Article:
Two quarterbacks suffered through similar games. Both quarterbacks played poorly. Both got booed by their fans. And both of their teams lost.

Each quarterback, however, responded differently to post-game questions from the media.

When asked about the fans booing him during the game, the first quarterback responded, “I would’ve booed me to. I wasn’t playing up to the standard that our team expects, and our fans deserve better.”

When asked the same the question, the second quarterback responded, ‘Well I’d like to see one of them come down to the field and try to do better. It’s not my fault that passes were dropped or that my line couldn’t block or that the right plays weren’t called.”

The first quarterback took ownership of the issue, conveying class and humility. The second quarterback took it personal, becoming defensive and obsessing over blame.

Their contrasting responses illustrate two completely different approaches to handling criticism. Some choose to handle criticism with grace. Others choose to handle criticism by becoming defensive and deflecting the blame away from themselves. It wouldn’t matter what was said to them or by whom it was said, their instinctive reaction will be to bulk at the criticism.

By nature, criticism is difficult to handle. Nobody wants to receive negative feedback, especially when it’s delivered in a hurtful manner. Being defensive toward criticism is understandable even if it’s labeled as constructive criticism, which is why good teammates choose not to view the feedback as criticism.

Good teammates view all feedback—be it negative or positive—as an opportunity to grow. They see feedback as instruction.

Good teammates have an innate desire to get better. They are forever searching for ways to improve their individual talents, so they can help their team be successful. A constant desire to improve causes good teammates to crave instruction—the most effective way to create improvement.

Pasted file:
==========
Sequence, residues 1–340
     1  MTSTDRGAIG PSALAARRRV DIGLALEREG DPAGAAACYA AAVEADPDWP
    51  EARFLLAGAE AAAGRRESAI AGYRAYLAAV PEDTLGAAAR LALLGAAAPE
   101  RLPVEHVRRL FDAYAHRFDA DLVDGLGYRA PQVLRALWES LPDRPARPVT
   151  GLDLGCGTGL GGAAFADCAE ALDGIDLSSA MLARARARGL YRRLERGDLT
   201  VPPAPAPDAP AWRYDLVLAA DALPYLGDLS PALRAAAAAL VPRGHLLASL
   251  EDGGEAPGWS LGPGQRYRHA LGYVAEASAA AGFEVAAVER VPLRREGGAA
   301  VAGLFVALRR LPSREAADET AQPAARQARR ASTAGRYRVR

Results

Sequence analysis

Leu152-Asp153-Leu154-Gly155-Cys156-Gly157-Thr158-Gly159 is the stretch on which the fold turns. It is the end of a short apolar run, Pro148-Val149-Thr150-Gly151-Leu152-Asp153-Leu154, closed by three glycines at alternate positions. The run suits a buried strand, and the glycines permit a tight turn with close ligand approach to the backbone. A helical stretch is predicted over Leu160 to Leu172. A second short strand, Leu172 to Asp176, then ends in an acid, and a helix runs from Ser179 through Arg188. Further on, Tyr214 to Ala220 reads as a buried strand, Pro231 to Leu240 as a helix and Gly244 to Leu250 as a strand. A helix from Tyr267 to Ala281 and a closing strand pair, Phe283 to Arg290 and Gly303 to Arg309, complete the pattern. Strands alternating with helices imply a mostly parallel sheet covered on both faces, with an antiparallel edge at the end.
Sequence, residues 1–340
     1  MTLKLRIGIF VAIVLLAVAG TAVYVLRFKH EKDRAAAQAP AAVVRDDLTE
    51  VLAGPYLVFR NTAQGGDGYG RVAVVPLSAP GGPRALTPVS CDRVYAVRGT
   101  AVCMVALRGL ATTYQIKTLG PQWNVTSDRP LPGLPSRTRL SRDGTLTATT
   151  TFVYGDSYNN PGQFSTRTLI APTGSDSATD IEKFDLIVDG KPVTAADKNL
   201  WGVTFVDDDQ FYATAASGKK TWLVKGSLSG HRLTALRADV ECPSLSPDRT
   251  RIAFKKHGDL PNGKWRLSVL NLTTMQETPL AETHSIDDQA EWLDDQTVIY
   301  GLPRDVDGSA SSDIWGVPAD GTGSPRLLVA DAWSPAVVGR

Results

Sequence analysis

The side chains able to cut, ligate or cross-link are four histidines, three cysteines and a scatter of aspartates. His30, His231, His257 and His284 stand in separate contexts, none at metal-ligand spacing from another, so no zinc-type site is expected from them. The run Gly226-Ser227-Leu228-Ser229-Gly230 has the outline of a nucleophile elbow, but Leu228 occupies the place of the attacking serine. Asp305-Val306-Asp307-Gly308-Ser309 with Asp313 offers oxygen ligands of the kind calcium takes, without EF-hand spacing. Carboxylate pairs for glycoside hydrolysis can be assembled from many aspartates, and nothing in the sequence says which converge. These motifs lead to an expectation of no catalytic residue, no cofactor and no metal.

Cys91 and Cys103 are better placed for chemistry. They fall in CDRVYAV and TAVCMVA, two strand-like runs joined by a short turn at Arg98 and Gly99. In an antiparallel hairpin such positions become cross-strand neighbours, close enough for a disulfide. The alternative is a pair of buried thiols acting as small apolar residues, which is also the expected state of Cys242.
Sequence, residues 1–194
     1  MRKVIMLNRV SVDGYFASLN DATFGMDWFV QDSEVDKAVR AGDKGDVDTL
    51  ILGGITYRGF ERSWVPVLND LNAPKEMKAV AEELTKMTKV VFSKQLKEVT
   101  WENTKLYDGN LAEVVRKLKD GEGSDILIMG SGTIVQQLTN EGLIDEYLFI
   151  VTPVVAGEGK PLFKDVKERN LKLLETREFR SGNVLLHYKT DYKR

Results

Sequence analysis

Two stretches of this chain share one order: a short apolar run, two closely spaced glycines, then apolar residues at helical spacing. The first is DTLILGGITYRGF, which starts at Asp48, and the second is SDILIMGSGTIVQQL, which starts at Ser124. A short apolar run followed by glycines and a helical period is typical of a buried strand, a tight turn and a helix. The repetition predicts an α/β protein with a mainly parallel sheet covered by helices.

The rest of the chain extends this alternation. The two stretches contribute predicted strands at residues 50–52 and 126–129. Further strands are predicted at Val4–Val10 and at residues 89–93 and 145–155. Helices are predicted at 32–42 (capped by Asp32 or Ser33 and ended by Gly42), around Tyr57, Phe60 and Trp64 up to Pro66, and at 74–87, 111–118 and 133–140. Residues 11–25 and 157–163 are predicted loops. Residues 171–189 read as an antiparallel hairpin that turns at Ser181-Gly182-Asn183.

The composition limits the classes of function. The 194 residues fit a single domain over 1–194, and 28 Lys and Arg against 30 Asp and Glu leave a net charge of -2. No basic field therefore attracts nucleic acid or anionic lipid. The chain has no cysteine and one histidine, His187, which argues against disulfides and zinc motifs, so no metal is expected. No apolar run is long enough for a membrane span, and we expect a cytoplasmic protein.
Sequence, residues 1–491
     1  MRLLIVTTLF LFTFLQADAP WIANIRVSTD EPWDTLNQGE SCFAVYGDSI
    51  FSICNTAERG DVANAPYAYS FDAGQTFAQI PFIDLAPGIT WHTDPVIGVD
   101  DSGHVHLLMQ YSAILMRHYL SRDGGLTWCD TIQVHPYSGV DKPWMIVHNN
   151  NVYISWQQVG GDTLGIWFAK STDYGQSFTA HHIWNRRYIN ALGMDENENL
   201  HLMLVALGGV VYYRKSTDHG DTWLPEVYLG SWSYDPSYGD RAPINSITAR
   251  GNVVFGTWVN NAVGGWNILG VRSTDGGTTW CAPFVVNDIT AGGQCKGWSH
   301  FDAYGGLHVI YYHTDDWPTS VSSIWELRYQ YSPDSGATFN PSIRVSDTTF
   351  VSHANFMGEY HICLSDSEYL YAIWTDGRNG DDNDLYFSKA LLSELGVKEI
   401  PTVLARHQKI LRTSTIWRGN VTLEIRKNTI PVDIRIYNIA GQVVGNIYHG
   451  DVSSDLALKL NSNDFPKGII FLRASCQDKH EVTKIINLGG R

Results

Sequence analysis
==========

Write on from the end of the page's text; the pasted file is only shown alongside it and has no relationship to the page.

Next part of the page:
Since they choose to view the feedback as instruction instead of criticism, they don’t take it personal and they don’t mind how it’s delivered. Good teammates know that whatever feedback they receive can help them grow.

As I mentioned in last week’s blog, many times being a good teammate is nothing more than choosing the appropriate perspective. In this case, it’s choosing to accept feedback as instruction instead of criticism.

Criticism hurts. Instruction helps.

Everything the second quarterback said in his response may have been true. Receivers may have dropped passes. Linemen may have missed blocks. The wrong plays may have been called. And he may not have been to blame for his poor play.

The same could also apply to the first quarterback. But the first quarterback chose to suppress and not verbalize those thoughts, focusing more on caring about becoming the version of himself that his teammates deserve.

As always…Good teammates care. Good teammates share. Good teammates listen. Go be a good teammate.

Lance Loya is a leading authority on the good teammate mindset. He is a college basketball coach turned author, blogger, and professional speaker, who inspires TEAMBUSTERS to become TEAMMATES. You can follow him on Twitter, Facebook, or through his weekly Teammate Tuesday blog.


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